Chances are you will have seen a piece of reclaimed wood furniture somewhere and marveled at it. The history it contains, the time aged beauty it possesses, the incredible ingenuity of its craftsmanship.
In this article we will cover all you need to know about reclaimed wood furniture, the pros (and the cons) of buying / making it. And some great examples to give you some inspiration for your own home.
Where Does Reclaimed Wood Come From?
Reclaimed wood can come from a variety of sources. Wood was the main construction material of the USA 100+ years ago. Now unfortunately many of these old buildings have fallen into a state of disrepair and require demolition.
Instead of letting the wood go to waste, savvy carpenters saw the awesome properties this old timber has – and began snapping it up. The majority of salvaged wood furniture is built from timber that has come from antique barns. Thousands of them are demolished each year – and a huge amount of raw material is available.
Other places that timber can come from are joists and support beams from building, railway sleepers, fence posts, and roof beams.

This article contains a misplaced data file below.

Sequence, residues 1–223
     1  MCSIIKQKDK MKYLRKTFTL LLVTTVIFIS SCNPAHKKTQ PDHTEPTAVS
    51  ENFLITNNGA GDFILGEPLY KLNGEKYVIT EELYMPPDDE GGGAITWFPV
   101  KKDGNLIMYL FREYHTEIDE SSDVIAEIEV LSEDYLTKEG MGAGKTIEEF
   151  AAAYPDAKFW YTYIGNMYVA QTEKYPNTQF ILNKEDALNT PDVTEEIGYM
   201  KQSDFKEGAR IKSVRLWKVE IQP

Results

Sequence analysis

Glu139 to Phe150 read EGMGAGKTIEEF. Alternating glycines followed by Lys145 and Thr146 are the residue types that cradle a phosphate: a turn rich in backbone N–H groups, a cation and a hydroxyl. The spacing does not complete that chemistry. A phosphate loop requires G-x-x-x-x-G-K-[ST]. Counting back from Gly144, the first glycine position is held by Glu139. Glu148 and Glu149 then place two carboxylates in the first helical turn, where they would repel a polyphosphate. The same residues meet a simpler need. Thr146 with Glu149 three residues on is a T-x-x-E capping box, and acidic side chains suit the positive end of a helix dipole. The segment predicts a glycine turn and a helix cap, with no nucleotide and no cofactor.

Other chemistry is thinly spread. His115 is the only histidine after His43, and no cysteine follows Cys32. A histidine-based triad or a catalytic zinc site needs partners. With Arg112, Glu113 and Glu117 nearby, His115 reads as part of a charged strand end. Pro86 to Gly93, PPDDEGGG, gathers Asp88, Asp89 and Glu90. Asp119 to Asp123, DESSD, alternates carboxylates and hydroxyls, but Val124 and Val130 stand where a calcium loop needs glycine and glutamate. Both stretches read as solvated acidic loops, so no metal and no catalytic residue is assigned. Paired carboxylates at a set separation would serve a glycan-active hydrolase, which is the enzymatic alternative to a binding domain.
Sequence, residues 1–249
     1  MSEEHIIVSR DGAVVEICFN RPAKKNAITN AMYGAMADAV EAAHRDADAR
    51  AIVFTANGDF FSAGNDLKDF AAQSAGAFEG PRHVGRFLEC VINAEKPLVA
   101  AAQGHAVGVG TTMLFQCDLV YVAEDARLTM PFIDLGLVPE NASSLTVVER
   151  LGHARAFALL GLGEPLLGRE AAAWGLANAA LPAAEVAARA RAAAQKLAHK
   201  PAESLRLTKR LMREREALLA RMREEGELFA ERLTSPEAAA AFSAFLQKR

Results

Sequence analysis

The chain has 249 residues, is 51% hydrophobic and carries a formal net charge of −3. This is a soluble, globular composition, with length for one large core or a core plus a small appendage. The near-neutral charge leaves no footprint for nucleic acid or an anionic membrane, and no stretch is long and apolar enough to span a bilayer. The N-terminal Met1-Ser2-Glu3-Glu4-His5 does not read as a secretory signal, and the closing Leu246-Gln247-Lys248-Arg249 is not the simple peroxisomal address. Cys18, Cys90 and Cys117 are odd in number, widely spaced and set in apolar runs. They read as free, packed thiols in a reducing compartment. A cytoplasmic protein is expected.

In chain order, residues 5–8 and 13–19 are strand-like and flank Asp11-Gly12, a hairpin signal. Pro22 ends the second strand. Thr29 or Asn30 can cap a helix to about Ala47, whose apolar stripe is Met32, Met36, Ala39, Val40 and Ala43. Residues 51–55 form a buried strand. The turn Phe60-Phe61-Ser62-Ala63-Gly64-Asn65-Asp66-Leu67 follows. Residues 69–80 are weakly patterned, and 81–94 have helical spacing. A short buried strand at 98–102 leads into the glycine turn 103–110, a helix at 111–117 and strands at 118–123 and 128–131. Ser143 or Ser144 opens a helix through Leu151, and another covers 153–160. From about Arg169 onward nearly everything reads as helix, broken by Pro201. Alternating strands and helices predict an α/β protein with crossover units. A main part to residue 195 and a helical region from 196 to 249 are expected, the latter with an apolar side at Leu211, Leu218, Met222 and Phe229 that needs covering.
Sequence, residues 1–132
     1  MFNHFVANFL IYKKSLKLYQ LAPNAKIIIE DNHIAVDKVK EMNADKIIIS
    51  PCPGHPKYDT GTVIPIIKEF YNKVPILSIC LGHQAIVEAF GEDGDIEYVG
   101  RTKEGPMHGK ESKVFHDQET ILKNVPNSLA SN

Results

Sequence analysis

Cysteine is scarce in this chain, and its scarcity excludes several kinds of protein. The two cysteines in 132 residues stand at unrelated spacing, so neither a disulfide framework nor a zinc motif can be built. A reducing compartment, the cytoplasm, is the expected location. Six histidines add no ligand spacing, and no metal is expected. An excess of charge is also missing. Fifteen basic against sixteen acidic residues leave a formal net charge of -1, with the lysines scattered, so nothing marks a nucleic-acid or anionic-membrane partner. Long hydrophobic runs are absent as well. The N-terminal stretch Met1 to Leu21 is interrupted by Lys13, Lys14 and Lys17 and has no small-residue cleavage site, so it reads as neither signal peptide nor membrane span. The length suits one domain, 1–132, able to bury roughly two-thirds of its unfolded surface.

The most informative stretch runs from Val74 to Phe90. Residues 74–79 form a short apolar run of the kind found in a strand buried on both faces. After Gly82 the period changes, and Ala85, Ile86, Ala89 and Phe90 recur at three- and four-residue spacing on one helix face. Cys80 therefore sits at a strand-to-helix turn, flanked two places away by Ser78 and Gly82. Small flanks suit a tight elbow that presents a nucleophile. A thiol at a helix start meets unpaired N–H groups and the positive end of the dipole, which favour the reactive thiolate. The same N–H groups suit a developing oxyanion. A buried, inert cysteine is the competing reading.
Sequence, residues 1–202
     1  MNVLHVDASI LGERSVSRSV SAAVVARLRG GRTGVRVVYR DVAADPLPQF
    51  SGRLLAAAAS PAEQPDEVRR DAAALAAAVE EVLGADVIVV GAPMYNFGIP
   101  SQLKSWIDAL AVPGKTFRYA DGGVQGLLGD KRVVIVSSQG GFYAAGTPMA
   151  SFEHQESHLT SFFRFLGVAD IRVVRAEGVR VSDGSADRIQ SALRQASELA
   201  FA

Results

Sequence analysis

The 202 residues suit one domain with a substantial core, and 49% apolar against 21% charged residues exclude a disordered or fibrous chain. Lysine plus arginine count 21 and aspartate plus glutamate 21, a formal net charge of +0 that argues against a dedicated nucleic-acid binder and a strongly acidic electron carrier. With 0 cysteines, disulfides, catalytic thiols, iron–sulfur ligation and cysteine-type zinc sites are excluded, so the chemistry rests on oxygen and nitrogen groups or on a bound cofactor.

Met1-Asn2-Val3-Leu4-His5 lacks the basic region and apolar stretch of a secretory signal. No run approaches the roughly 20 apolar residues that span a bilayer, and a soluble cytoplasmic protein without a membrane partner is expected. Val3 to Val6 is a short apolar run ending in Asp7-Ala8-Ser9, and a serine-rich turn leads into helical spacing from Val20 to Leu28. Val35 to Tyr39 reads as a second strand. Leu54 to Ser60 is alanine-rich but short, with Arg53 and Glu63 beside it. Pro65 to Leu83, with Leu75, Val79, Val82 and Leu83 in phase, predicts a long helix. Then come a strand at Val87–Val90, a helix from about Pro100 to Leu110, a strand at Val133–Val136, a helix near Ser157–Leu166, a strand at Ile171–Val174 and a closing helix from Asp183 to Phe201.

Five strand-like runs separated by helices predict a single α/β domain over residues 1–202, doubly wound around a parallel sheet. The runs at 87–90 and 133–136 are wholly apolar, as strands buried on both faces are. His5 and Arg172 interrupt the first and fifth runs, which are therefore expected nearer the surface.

However not all reclaimed wood furniture has to come from old timber, many people enjoy the contemporary urban look of using things like the lumber that is used in shipping pallets to create their furniture. Still reused – just not old.
What Types Of Reclaimed Wood Are Generally Available?
The great thing about building furniture out of reclaimed wood is that there are so many different types of lumber available. Hardwood or softwood – if It was grown locally it was usually chopped down and used as a building material.
The most common hardwoods you will find in reclaimed wood furniture will be things like oak, elm and beech. Maple, poplar, and ash are all also found in reasonable amounts but as a rule of thumb are generally less available.
For softwoods you will mainly find Douglas Fir, and various types of pine, southern pine being the most predominant type due to its abundance.
Are There Any Dangers When Using Reclaimed Wood For Furniture?
Due to its nature, the history of a piece of recycled timber can be a little tricky to predict accurately. Which can have some pretty dire consequences.
When you are buying some ready made reclaimed wood furniture you can usually relax about most of the issues below – any (good) carpenter will have done all of these checks for you and you can probably skip this section.